Recently, the warming up of China to African economies has received much attention; however, Japan has been steadily picking up pace with its investments across the African continent as well.
Japan has had a long history of investments in Africa. When the Japanese economy was fast rising back up post the 2nd world war, Japanese firms were quite keen to invest in the continent. They set up a number of production and sales subsidiaries there. However, the constant political instability and the fall in the natural resource prices by the 90s diminished the charm African investments had held for Japanese investors. Furthermore, Japanese firms had established a firm foothold in the western markets of Europe and the US and the Asian markets had begun to build up economic momentum. Their operations shifted back to Asia as a result.
Japanese investment activity across Africa picked up again at the turn of the century as the resource prices went back up, and the population grew.
Today, Japanese investment is once again on the rise in the African continent across various industries. There are about 750 Japanese firms with operations spread across oil and gas, automotive, infrastructure, and FMCG sectors.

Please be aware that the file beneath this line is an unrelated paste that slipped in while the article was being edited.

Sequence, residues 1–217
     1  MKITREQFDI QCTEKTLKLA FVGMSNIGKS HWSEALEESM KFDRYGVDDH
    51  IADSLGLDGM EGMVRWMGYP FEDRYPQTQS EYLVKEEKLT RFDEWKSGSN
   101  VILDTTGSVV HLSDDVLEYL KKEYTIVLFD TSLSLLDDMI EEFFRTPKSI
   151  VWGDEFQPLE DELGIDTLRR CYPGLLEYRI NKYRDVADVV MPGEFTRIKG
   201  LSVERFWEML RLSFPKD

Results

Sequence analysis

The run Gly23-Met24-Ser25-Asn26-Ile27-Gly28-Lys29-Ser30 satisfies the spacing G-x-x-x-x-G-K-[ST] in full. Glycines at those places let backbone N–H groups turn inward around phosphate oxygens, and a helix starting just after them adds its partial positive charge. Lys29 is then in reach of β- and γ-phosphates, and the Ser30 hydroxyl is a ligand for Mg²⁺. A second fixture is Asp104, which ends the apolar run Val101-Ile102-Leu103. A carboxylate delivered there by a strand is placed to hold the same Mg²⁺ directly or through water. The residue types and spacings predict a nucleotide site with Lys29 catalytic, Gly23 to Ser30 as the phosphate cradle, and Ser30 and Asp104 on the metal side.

The Japanese government is actively encouraging its private sector to make investments in the continent. The Tokyo International Conference on African Development (TICAD) is an example of the government’s initiative to encourage the private sector to invest in Africa. Since 1993, the government has organized this five-yearly conference in collaboration with UNDP and the World Bank. The private sector has started paying more heed to the call since 2008, after the 4th edition of the conference.
At the 6th edition of the conference in 2016, the Japanese Prime Minister announced a $30 billion investment package for Africa. These included both private and public investments that will be made over a period of 30 years.
Japan’s private sector is increasingly looking to make investments in Africa today. The continent is home to a huge, increasingly young population which is more tech-savvy than ever before. There is huge potential for investments in a number of sectors across the continent. Japan has committed to increasing its investment footprint across a set few areas for a start. These include infrastructural developments and investments in financial services, agriculture and ICT, boosting the local startup and business landscape as well as promoting business partnerships between local and Japanese businesses.